Jewelry Appraiser Work Environment

Jewelry appraisers work in jewelry stores and insurance firms. Many of them work as independent appraisers and consultants. Those who receive a monthly salary work regular business hours but independent business owners may choose to appraise jewelry for insurance firms, individual clients and jewelers at pre-agreed schedules, sometimes outside of regular business hours. They may also have to go to a client’s house or the business establishment to do the appraisal especially if there are many pieces to appraise and transporting them would make the items vulnerable to robbery or loss.

Jewelry Appraiser Salary

The Occupational Employment and Wages report of the U.S. Bureau of Labor Statistics does not gather salary data specifically for jewelry appraisers. However, the agency does have salary information for jewelers and precious stone and metal workers, the category where jewelry appraisers belong to. The mean annual wage for this occupational group is $40,010.

Jewelry Appraiser Career Outlook

The U.S. Bureau of Labor Statistics does not have the job outlook specifically for jewelry appraisers. However, it does project that for the ten-year period covering 2012 to 2022, the employment rate of jewelers and precious stone and metal workers is set to decline 10 percent. The reason for the drop is that majority of the manufacturing of jewelry is now done outside the United States. However, there will still be opportunities for skilled jewelers since increasing incomes, double-income households and women working are expected to grow the number of people who will be purchasing jewelry. Logic dictates that with more people buying jewelry, appraisers can expect to have their hands full evaluating the worth of these pieces for insurance and other purposes.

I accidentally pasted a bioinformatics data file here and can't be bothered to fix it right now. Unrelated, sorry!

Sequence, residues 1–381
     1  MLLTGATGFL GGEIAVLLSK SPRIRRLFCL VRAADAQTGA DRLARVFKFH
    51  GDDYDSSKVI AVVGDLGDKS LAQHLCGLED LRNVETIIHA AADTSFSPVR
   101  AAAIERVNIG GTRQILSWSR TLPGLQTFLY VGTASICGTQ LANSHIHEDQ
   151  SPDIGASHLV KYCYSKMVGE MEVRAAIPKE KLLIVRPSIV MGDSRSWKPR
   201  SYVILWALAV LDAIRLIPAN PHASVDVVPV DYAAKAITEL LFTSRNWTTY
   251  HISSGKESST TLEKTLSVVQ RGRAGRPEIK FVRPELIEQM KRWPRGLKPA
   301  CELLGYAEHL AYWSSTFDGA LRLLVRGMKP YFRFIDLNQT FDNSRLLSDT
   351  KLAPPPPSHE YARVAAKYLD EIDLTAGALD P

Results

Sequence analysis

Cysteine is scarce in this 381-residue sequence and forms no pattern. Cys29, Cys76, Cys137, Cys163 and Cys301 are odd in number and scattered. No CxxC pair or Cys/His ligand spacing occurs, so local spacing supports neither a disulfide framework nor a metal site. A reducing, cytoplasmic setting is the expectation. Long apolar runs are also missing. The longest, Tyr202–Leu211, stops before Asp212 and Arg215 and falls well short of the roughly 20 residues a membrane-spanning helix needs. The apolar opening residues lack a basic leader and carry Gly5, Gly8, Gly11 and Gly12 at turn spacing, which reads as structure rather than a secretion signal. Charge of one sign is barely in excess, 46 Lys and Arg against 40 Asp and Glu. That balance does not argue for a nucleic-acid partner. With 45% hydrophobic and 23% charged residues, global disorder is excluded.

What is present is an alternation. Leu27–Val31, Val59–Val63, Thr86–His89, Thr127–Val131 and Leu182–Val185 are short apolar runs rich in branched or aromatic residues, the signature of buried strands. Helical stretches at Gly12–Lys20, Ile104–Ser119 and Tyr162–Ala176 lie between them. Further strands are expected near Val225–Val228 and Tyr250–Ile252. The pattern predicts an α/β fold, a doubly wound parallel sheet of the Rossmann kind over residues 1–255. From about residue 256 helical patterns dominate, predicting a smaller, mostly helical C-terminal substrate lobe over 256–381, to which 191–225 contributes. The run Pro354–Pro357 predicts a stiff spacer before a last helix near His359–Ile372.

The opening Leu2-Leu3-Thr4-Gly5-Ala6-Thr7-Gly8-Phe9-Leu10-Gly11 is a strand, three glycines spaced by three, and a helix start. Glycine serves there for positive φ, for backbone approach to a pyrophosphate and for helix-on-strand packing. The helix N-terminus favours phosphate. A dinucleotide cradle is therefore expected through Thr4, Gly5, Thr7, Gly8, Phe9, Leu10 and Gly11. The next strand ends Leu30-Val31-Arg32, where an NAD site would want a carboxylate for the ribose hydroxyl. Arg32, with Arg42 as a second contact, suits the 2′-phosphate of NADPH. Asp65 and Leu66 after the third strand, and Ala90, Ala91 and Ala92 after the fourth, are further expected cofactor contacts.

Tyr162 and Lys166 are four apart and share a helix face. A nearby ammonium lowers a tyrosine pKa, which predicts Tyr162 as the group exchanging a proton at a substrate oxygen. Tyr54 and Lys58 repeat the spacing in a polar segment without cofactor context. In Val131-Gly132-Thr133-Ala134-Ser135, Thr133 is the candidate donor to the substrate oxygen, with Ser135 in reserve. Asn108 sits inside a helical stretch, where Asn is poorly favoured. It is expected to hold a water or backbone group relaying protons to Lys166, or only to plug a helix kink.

Jewelry Appraiser Degree

Many jewelers gain a foot hold to their profession through extensive on-the-job training. However, employers are now increasingly hiring those who graduate from a jewelry program offered in trade schools because they don’t have to spend as much time training them. At the Gemological Institute of America, students are taught how to design, grade and polish gems and precious stones as well as care for their tools and equipment, among others.

However, this training won’t be enough for a jewelry appraiser. In order for them to know the methodology used in making appraisals, ethics and report writing following the set standards established by the Uniform Standards of Professional Appraisal Practice, aspiring jewelry appraisers must get additional training from appraisal organizations like the National Association of Jewelry Appraisers . The National Association of Jewelry Appraisers, for example, offers the Appraisal Studies Correspondence Course—a home study program that students can complete whenever they want. They also have semiannual educational conferences for appraisers that cover such topics as new appraisal tools and methods and understanding one’s liability as an appraiser and limiting it, among others.